So much for buying cable channels a la carte.
The FCC delivered its report on a la carte cable-channel pricing this week to legislators, who were otherwise occupied with extending the nation's credit limit in time for the Christmas shopping season. The din of voices decrying a la carte as an expensive, un-American endeavor won out over the handful who said they would rather buy their channels one at a time.
A study undertaken by the FCC Media Bureau concluded that a la carte pricing would be more costly to more Americans than the current tiered pricing scheme. Only subscribers who buy fewer than nine channels would save money on their cable bill, the resulting report said. Those buying nine or more channels would pay more.
"The average cable household watches approximately 17 channels, including broadcast stations. If the average household purchased each of these channels under an a la carte regime, it would likely face a monthly rate increase under a la carte sales of between 14 percent and 30 percent," said the release accompanying the study.
The report was initiated last May at the behest of legislators trying to figure out why cable rates had increased at as much as three times the rate of inflation since 1996. In hearings on Capitol Hill, cable operators said it was the fault of those pesky broadcasters, who use retransmission consent like a crowbar to get carriage for marginal cable nets in the vein of "Sports Rerun TV." The cable executives also blamed must-carry for escalating rates, but apparently did so by arguing that they are forced to provide consumers with channels that said consumers do not want.
Seizing on the notion of consumers paying for channels they don't want, lawmakers initiated the a la carte inquiry and thus ignited a fusillade of back-skedaddling among cable operators whose very excuse for raising rates is having more channels stuffed into various tiers.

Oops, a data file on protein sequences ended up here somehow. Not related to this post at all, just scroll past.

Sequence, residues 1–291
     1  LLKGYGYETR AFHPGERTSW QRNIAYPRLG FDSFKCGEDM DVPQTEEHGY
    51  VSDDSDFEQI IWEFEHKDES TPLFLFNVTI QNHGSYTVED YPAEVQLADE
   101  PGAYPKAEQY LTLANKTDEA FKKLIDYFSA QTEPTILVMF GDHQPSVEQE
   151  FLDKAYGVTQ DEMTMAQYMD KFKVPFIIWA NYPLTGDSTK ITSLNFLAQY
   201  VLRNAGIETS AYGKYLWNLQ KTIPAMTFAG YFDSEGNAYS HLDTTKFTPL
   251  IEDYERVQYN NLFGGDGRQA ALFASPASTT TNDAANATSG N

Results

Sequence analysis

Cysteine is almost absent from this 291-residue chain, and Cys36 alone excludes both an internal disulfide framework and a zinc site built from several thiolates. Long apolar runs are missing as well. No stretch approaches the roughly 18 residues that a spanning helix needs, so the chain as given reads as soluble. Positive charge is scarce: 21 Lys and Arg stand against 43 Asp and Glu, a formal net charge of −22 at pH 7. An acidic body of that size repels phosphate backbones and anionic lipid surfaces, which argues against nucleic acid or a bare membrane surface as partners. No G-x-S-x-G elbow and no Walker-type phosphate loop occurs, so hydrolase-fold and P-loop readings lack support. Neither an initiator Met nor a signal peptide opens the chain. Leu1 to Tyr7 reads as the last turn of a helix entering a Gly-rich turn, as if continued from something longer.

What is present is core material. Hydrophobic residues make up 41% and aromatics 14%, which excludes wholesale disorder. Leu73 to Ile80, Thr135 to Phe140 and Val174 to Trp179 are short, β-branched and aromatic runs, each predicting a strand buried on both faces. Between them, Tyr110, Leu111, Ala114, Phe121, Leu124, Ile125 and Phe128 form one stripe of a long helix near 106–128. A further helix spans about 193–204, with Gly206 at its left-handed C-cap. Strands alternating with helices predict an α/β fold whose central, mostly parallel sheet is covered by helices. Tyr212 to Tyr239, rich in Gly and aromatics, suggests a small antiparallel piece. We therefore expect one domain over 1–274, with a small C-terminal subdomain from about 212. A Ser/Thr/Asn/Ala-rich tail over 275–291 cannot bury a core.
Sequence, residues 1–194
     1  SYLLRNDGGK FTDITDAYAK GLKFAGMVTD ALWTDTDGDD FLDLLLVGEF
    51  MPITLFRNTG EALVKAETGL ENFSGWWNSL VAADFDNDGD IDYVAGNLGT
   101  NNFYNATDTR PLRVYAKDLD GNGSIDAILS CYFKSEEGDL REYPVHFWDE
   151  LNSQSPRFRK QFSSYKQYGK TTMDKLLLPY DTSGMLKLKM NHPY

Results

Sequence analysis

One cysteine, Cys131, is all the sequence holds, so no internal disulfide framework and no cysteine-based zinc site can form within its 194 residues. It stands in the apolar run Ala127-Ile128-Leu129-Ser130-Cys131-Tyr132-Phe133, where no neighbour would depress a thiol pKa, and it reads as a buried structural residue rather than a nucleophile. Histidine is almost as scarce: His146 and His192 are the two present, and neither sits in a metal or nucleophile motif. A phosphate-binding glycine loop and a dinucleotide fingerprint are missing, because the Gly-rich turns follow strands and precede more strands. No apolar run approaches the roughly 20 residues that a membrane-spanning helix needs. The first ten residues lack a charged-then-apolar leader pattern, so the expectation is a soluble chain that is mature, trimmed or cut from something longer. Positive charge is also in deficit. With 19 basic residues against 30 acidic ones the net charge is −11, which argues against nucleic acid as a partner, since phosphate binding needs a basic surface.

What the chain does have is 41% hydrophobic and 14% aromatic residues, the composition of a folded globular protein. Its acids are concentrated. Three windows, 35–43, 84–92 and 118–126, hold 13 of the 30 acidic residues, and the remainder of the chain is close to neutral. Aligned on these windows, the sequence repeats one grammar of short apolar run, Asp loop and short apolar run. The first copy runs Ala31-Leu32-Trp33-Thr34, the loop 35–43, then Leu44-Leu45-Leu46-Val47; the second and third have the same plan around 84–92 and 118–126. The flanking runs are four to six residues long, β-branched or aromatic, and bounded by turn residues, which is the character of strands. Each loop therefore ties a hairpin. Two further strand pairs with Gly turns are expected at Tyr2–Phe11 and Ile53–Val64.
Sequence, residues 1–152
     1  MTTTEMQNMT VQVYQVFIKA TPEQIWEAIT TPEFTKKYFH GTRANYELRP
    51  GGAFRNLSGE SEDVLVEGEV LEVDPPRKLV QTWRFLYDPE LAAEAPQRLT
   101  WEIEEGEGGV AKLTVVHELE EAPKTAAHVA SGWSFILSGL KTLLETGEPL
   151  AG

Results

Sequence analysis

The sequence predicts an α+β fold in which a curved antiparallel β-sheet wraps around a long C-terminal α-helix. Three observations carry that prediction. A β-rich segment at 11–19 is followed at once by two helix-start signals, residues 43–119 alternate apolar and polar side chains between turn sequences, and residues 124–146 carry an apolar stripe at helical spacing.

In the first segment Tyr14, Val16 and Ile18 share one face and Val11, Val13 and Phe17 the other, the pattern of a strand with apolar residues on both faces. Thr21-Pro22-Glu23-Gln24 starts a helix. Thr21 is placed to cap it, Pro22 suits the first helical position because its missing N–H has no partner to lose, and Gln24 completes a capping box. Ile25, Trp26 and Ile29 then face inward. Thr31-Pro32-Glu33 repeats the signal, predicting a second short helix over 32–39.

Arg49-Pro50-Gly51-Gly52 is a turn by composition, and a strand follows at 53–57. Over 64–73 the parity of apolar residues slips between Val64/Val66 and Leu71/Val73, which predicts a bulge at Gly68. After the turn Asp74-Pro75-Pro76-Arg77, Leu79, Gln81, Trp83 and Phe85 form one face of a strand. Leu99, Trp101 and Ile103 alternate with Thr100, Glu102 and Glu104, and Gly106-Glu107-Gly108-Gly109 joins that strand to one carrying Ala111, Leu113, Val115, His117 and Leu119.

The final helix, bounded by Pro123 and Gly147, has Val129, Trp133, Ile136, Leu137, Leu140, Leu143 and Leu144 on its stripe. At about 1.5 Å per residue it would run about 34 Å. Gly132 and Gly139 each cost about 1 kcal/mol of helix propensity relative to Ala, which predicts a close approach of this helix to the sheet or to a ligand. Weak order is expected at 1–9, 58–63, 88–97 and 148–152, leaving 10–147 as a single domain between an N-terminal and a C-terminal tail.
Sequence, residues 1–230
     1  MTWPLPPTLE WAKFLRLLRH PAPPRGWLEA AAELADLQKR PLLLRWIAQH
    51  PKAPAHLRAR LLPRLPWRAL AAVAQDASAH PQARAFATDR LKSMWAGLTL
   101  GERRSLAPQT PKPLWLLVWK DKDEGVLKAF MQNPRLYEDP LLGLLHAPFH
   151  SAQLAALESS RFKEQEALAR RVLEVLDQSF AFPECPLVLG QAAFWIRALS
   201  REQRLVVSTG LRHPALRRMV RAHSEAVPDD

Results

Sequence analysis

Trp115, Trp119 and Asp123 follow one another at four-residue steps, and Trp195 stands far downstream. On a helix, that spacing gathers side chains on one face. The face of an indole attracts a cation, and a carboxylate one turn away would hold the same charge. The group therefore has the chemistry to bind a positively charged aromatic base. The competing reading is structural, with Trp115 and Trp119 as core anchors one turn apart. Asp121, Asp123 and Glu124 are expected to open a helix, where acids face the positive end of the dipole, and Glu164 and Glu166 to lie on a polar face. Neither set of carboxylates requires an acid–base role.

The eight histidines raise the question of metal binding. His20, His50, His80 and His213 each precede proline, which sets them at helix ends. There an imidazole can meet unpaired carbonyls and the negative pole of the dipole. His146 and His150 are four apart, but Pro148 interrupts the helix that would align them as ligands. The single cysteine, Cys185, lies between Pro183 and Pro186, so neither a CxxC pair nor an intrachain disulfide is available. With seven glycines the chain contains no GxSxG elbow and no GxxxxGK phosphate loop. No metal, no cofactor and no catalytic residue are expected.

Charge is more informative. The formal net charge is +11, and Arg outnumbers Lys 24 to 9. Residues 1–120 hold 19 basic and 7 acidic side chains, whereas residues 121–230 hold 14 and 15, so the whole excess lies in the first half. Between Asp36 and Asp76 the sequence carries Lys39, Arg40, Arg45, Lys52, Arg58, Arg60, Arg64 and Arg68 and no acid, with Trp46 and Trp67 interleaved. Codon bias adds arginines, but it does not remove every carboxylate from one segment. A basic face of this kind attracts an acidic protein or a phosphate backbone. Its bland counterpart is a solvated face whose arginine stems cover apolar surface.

The FCC's a la carte public notice sought comment on how cable and other multichannel carriers buy programming, how those deals affect small networks and rural markets, and whether or not retrans consent and must-carry are the root of all evil.
Cable operators and programming executives, who are traditionally at odds, wallpapered the FCC with filings and studies about how a la carte would destroy content diversity and make cable TV even more expensive, (an assertion supported by a report from the GAO.)
However, it was a group of broadcasters--those very folks whom cable operators blamed for rising rates--that generated the most prolific opposition to a la carte. Religious broadcasters filed comments that said a la carte was antithetical to must-carry, and would therefore ruin smaller networks.
"Because MVPD's are required to carry all local broadcast stations on their basic cable service, allowing them to offer a la carte service without regard to their basic their would permit them to circumvent their mandatory carriage obligations," said a July filing from the Faith and Family Broadcasting Coalition.
A la carte objections were also filed by several apparent viewers of religious channels, such as Christine Parker of Petroskey, Mich., who wrote:
"Instead of going after limiting religous programming (sic) I suggest you try to control the 'Janet Jacksons' of the airways. That will keep you plenty busy."
The dynamics of carriage deals have evolved since the rise of cable TV in the '70s. Early operators were so desperate for content that they were happy to carry Australian-rules Football beamed out of a mud lot somewhere in Connecticut. Later, as millions of homes traded rooftop antennas for set-tops, cable carriage executives became sovereign in the industry. Then, faced with the prospect of digital broadcasting, cable operators built-out systems to twice and three times their bandwidth capacity. The buildouts coincided with massive mergers among content companies anxious to generate a little revenue out of their archives.
Content providers reclaimed their sovereignty and demonstrated as much in May 2000, when Time Warner dropped ABC in several major markets during sweeps. Time Warner put up a billboard where ABC should have been and told viewers the network's parent company, Disney, refused to work out a carriage deal with Time Warner, which was therefore legally obliged to drop the network. The sticking point came down to the Disney Channel, for which subscribers paid cable operators around $4 per month. Disney wanted the channel moved to Time Warner's basic tier--a move that would cut into Time Warner revenue to the tune of tens of millions of dollars.
After an excoriation from the FCC and from hizzona the Mayor of New York, Rudy Giuliani, Time Warner put ABC back on the air, and Disney Channel quietly migrated to the basic tier.
So much for buying cable channels a la carte.